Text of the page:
This never ceases to amaze me. I had a project enquiry come in yesterday, the client initially asked for a ‘Web 2.0 website built in flash”… to which I had to explain that those two words don’t really belong in the same sentence. Maybe this was a warning sign however, I forwarded my website worksheet to try and gauge a little better just what exactly they were after …. sent in two seconds and no harm done.
I get the worksheet back and they do have a great idea of what they are looking for, a site identical in functionality to a well known CBBC website. They have thought about colours, brand awareness, the actual users of the website, everything. It was one of the most detailed design briefs I had seen in a long time. I skip to the part where I always ask about budget, curious as to how much they have put aside considering all other aspects of the site have been well thought through, only to see…
Ballpark around £500
My reaction is always split down the middle when I see ridiculous web budgets. I normally start off annoyed and then come round to the fact that it’s just down to the client being misguided by someone or something or having no knowledge of the web industry whatsoever. This is normally when I respond with a very diplomatic email and this one was no different, here’s an outline of what I said.
Thank you for the prompt reply with the Website Worksheet. I have had a good read through and I totally understand what you are looking to achieve.
However, the budget you have set for the site is unfortunately not enough to build a site of this calibre. I do understand it’s hard when you are not in the field to know how to gauge a budget correctly, it’s my job to try and give a little insight into budgets and why, in this particular case, you will struggle.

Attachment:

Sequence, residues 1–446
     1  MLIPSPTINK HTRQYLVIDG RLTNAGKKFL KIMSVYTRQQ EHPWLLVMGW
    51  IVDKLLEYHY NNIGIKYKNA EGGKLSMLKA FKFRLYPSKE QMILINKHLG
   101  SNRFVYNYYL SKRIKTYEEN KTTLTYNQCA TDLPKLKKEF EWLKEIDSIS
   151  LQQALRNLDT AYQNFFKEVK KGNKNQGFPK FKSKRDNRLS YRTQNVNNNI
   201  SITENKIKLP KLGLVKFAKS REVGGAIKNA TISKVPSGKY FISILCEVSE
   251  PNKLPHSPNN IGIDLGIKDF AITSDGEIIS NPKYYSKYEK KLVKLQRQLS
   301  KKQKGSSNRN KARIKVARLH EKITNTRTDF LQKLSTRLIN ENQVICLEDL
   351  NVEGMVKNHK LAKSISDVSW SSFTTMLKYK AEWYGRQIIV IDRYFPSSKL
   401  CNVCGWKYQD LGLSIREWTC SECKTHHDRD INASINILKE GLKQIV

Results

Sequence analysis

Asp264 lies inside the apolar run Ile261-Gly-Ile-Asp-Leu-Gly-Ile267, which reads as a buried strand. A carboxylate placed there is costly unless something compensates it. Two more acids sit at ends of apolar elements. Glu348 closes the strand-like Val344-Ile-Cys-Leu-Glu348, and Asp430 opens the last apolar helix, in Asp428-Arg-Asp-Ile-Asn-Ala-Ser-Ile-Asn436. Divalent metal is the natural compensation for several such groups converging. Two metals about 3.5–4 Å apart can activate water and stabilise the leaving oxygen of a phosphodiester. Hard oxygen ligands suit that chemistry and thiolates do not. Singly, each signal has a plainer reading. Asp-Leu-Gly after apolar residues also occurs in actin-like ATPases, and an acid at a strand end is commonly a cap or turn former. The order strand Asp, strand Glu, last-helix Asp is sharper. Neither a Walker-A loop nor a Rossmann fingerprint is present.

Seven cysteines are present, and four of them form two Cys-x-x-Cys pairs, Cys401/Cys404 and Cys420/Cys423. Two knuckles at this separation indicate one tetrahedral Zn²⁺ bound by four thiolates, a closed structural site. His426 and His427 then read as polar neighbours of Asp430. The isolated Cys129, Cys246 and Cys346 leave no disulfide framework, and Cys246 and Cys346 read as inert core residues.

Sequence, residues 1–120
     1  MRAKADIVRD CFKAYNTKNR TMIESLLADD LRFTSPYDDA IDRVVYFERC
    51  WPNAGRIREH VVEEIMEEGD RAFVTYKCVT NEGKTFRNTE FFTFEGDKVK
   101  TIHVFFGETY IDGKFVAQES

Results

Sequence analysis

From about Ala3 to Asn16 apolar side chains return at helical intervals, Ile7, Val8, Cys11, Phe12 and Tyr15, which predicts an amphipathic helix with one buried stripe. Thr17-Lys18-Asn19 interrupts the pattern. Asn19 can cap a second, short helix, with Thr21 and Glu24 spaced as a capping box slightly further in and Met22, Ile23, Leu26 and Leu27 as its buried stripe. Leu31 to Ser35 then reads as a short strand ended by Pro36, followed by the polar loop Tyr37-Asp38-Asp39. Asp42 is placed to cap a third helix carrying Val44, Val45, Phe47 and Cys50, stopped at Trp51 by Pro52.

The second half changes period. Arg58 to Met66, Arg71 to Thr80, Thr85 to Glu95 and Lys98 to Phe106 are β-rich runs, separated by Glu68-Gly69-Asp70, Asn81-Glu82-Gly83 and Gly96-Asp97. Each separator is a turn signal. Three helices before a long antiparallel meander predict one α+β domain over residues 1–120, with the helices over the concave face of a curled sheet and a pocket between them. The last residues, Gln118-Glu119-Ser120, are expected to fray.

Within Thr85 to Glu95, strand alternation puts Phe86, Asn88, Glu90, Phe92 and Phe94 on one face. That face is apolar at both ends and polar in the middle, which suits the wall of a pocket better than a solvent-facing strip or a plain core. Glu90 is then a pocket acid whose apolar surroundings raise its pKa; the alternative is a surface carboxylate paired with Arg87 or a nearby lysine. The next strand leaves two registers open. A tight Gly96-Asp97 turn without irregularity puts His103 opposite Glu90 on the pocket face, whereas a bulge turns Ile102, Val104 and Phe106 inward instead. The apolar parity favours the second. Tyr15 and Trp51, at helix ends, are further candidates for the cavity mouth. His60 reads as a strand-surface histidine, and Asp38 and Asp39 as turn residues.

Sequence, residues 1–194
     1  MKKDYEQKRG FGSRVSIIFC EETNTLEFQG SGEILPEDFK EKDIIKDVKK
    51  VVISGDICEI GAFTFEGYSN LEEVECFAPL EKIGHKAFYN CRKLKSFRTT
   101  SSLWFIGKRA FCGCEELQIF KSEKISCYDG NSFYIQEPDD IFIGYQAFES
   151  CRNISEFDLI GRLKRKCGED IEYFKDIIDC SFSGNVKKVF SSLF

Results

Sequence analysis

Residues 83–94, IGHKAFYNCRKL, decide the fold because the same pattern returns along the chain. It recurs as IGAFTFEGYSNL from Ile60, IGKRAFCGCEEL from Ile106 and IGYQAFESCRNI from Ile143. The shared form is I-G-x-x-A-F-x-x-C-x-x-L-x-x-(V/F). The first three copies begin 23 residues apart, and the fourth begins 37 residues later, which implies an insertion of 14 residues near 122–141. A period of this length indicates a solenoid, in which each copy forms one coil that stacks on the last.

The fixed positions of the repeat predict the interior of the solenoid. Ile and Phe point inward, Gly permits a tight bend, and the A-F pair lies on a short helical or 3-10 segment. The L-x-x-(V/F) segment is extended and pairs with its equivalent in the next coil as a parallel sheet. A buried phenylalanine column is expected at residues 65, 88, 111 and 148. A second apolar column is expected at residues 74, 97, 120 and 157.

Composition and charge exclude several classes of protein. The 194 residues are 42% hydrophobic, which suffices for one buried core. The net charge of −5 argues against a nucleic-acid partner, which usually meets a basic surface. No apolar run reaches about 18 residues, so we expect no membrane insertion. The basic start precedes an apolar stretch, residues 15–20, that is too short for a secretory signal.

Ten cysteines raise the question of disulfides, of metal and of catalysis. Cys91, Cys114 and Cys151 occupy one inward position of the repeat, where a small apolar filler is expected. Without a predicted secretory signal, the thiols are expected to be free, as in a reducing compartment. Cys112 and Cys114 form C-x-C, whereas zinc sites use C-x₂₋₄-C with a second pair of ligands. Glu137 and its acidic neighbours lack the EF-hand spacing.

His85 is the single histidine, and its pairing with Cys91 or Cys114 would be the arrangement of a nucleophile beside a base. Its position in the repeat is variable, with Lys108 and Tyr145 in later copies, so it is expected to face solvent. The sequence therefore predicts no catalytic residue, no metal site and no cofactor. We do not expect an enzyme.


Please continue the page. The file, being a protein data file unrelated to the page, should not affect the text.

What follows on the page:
The xxxxxxx website you are comparing your new site to, is large. I know you will be starting off small and building up to a large website, but the infrastructure still needs to be in place to enable you to add news items and video every day and gradually build up the content.
I then went on to explain the process of web design in brief, how we start off on paper or wire framing, then turn our hand to design then eventually the development side. How we have to inevitably go back and forth on the design until sign off and then deal with stumbling blocks with cross browser compatibility and so on.
I estimated the site would take 4 weeks solid work with 2 people working on the site. I then explained the following:
£500 over 4 weeks divided by 2 people works out at £1.56 per hour – I’m not showing you those sums to be patronising at all, please don’t think that, but I’m just merely trying to point out why it would have to be increased considerably before we could look to producing the site for you.
I don’t need to go any further into details, the client can work out for themselves that £1.56 an hour is below minimum wage and that our profession is highly skilled, therefore it would take a lot more than £1.56 to even get us to our desks.
I then signed off the email with the following:
I know you said £500 as a ballpark, I’m just trying to give you an idea of what a professional web design firm would charge you to get the standard that I know you want to achieve.
Inevitably, I never hear from the clients again, or if I do, it’s for them to say they “don’t have the budget” to use me. I still feel like it’s my job to try and explain why I wouldn’t be able to help them rather than just sounding cocky or not responding at all. I feel like the only way we can stop this from happening is to break down exactly why their budget is insufficient rather than leaving them in the dark about it – for the sake of the client and the next designer they approach.
NB. I have just received a very appreciative email from the client in question thanking me for my helpful breakdown and that explaining to them in basic terms was exactly what they needed. They have been able to increase the budget to a reasonable amount, possibly still not enough however it’s a good step in the right direction.